Since the 1960s when the Canada-Caribbean Seasonal Agricultural Workers Program was launched, thousands of migrant labourers have been recruited to work on farms in Canada.
The program has often been described as a win-win arrangement.
It helps to meet the labour needs of Canadian farmers who have difficulty recruiting local help and provides employment – albeit temporary – to workers from many islands in the Commonwealth Caribbean
But this program has not been without its share of problems.
Workers have been complaining of unfair treatment by some farmers and there are reports that some workers have run away from the farms to which they were assigned and in some instances were never seen again by the farmers.
Despite these problems, the program has continued to expand.
However, a recent CBC news report has highlighted the problem of one farmer, Andy Terauds of Carp, Ontario, who is having difficulty getting workers from the island of St. Lucia.
According to the report, for the past 25 years, Terauds has relied on the migrant workers program to bring pickers and planters from St. Lucia.
By the end of April, he normally has three St. Lucian workers helping him move his beets, tomatoes, broccoli, lettuce and other vegetables from his greenhouses into the fields.
But not this year.
And Terauds is blaming the bureaucracy for the delay in getting the workers – a problem which he says is “threatening to ruin his business.”
“”It’s almost put me to the point of closing the farm,” he was quoted as saying.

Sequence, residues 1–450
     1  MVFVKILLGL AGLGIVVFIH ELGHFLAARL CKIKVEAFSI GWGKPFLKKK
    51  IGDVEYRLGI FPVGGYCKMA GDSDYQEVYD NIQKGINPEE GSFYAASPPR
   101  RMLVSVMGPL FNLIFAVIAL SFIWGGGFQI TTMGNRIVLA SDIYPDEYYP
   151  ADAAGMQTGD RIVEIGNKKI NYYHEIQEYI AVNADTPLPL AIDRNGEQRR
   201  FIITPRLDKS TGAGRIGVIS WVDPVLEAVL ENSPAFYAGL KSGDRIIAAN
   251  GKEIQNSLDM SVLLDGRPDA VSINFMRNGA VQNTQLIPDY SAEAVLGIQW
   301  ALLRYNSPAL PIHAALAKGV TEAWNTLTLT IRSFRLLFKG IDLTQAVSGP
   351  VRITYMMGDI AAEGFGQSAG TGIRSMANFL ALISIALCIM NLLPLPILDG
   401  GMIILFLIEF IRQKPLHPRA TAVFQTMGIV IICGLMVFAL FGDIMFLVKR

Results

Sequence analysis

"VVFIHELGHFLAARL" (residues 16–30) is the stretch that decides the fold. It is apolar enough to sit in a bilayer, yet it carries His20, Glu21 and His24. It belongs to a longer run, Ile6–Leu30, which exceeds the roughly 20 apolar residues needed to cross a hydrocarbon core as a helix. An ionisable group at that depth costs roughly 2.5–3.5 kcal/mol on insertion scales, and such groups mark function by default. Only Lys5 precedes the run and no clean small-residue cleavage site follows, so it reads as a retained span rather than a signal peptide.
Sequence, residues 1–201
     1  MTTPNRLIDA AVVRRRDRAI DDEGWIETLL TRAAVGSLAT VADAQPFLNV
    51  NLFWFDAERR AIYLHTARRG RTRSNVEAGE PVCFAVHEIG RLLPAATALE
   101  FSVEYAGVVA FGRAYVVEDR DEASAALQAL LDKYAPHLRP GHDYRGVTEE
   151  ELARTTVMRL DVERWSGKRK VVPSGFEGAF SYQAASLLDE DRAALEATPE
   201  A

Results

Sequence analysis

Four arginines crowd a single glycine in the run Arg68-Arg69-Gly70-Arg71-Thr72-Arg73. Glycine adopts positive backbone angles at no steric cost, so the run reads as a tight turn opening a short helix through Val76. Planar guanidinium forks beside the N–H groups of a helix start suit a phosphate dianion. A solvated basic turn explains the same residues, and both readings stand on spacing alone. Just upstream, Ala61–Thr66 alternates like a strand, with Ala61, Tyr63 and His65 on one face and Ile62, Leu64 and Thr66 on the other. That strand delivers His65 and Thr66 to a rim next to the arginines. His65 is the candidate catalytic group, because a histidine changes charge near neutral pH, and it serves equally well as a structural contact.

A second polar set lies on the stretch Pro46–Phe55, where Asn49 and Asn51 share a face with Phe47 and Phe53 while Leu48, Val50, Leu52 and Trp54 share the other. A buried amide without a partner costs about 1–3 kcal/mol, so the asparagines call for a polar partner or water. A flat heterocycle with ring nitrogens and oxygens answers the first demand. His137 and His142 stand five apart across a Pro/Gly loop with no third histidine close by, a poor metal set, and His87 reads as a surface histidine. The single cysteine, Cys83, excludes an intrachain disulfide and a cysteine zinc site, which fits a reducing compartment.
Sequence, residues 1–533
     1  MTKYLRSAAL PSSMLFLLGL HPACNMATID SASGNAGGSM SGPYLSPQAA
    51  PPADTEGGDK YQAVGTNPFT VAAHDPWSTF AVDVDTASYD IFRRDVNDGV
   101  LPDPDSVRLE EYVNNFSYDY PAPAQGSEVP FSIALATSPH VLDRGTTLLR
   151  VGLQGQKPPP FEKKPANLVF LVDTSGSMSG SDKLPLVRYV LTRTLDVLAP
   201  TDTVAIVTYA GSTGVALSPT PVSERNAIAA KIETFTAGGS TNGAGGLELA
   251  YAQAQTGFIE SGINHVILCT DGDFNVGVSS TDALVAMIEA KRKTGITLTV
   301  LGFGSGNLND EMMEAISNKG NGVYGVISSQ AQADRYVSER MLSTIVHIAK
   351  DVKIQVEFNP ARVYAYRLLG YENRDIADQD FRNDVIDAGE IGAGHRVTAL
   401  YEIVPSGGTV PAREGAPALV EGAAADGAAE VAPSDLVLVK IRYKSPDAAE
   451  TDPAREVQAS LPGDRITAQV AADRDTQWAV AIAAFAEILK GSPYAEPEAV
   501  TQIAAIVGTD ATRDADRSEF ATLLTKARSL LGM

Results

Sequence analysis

The problem arose after Canada expanded a program to collect biometric data, including fingerprints from foreign nationals coming to work in Canada.
But with no one in Saint Lucia accredited to collect the official photographs and fingerprints, the men each had to pay about $400 to fly to Trinidad to have the biometric data collected there.
We have learned that the workers’ biometric information was submitted weeks ago but is now awaiting processing by Immigration, Refugees and Citizenship Canada and this is holding up their arrival.
This delay is most unfortunate.
While the CBC report highlighted one farmer’s problem, clearly, he is not the only loser in the current situation.
Other farmers are affected by late arrival of workers and it also a big blow to these workers who have families and are looking forward to temporary employment through this government-to-government program.
Let us not forget that the delay in the arrival of these workers results in loss of income.
While in the past the farm workers program has been described as a win-win arrangement, it now appears to be a lose-lose arrangement for affected farmers and workers.
Many critics of the program have described it as an indentureship program and said it should be scrapped but realizing that there are benefits for both farmers and workers, we do not subscribe to this view.
Others have complained that some of the Caribbean liaison officers on the program have not been investigating the unfair treatment of workers and these officers have been likened to slave drivers.
We hope that the Caribbean governments who are sending workers to Canada are aware of the problems and are looking after the interests of these men and women.
We also hope that the Canadian government will make the necessary efforts to avoid the delays in the arrival of workers.